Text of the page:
Wednesday, March 16, 2016

Education over Ego

There is a huge issue with dog overpopulation in our country today. There are many different theories and beliefs as to why this is, and there are many popularized methods as to how to reduce the amount of unwanted pets. 
Often, the focus is on rescue dogs versus dogs from breeders, a debate that has become very serious in the dog community. This debate is passionate on both sides, and causes a great deal of term oil, often between people who are all interested in the same goal; providing dogs with happy and healthy lives with loving families. 
I don't believe that the issue is whether to buy or rescue, I think the issue lies in the public's view of dog ownership, specifically how to attain a pet dog.
This is where I believe ego comes in to the picture. Many people understand that it is a wonderful thing to rescue a dog, but for those who decide they want to get a puppy from a breeder, they often end up looking for all of the wrong things. In an age where anything can be ordered online, and aesthetics are at the forefront of importance for many people, we all want a house full of beautiful things that we can get at the click of a button, or at the very least, a short shopping spree. This mentality has caused what is probably the worst thing to happen in dog breeding. The internet is littered with websites that allow you to order an adorable puppy with flashy rare colors, just by transferring some money and filling in some information. Want a puppy now? There are several to choose from! Red Merle? Blue eyes? Got it! Craigslist has a listing for a litter of cute puppies in the area! But these buyers rarely ask about the puppy's health, or the health of the parents. What about temperament? When that adorable puppy comes home how likely is it that the owner will want to deal with the stresses of puppyhood, or worse yet, adolescence? Often people select the breed of dog they want based on looks, or brief personality descriptions, and do little further research into wether or not that breed is best suited to their lifestyle. What if the breed selected is intended to hunt small animals and the family has a cat? What if the breed is intended to be protective and the family has guests over all the time? Considering that they went the quick route to get the puppy in the first place, it is unlikely that there was much thought process about how to deal with these things, or prepare for them in the first place.  Even worse, some people see their new puppy as an opportunity to make money in the future by breeding them and trying to make money off the pups (after all, they paid a pretty penny for their pup, didn't they?).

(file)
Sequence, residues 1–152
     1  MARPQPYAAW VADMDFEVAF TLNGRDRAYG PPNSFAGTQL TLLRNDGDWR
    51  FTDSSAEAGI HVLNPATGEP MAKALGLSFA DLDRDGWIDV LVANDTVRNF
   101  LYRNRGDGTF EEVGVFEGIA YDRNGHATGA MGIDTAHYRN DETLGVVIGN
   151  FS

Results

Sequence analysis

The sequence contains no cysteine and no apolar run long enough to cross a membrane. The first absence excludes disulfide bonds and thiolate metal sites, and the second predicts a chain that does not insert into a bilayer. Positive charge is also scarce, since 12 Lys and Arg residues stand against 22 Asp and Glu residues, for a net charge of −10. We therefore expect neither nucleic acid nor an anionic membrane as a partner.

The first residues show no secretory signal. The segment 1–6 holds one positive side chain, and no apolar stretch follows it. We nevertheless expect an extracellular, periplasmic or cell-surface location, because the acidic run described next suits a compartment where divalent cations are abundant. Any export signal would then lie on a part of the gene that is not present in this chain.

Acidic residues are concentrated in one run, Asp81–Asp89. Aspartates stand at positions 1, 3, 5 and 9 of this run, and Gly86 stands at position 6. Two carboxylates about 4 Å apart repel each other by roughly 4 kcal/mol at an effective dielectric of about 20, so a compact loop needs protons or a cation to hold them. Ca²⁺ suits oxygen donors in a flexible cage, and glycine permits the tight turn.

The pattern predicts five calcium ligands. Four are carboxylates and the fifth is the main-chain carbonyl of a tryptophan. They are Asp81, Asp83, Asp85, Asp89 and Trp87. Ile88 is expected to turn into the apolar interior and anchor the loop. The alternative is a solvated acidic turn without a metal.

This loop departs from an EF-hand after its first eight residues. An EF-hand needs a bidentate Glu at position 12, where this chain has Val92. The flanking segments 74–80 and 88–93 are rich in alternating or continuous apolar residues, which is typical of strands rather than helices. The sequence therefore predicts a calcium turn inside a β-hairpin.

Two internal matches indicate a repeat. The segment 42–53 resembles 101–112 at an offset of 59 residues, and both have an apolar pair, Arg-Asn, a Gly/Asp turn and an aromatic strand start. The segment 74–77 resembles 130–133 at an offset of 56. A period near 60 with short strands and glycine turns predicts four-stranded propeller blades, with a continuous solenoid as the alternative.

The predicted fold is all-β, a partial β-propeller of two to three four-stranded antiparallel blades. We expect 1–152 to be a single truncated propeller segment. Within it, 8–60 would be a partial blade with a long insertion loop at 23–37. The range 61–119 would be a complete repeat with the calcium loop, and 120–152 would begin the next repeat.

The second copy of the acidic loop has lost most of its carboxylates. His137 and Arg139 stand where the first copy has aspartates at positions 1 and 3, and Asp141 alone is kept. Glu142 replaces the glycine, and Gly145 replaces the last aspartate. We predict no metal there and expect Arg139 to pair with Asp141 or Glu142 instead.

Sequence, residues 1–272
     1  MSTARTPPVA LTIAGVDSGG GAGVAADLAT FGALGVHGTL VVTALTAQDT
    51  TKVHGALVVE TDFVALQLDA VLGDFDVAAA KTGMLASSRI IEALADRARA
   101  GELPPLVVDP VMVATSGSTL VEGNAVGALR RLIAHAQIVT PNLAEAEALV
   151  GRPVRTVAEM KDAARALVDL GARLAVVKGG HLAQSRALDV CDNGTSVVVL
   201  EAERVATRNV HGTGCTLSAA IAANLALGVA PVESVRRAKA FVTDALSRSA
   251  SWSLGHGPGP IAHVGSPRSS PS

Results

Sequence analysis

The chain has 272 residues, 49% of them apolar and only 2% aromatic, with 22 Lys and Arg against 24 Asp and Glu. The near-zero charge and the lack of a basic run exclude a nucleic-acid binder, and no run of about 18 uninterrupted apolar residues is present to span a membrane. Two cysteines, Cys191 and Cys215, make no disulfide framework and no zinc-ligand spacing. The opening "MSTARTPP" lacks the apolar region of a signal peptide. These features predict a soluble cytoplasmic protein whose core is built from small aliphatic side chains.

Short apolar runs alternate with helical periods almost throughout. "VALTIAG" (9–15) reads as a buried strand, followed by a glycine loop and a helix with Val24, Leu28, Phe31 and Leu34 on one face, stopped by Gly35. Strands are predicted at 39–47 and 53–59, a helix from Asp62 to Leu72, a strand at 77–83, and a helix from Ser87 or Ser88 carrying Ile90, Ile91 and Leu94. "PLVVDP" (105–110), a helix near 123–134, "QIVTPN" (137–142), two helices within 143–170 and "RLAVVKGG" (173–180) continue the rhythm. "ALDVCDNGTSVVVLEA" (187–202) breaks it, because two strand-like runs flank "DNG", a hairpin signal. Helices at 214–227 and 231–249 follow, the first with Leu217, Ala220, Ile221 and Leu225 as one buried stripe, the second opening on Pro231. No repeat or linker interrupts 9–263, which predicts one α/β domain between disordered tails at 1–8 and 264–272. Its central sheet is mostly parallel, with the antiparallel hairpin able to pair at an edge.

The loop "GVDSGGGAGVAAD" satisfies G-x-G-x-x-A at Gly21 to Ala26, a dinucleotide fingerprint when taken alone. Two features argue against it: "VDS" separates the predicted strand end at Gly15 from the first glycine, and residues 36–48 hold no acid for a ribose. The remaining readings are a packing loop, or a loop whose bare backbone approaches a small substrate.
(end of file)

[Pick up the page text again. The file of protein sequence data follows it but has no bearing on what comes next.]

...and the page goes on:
I'm not saying that everyone who orders a puppy via the Internet is a bad owner. Very often these people end up putting a lot of time and effort into their puppy and being wonderful owners, but considering the amount of dogs in shelters and rescues, clearly, some are not.
The issue that I see is that our society is so driven by ego that we often care more about looks and ease of accessibility than we do about doing our research and finding the right dog for our homes and a responsible breeder or rescue to attain that dog from.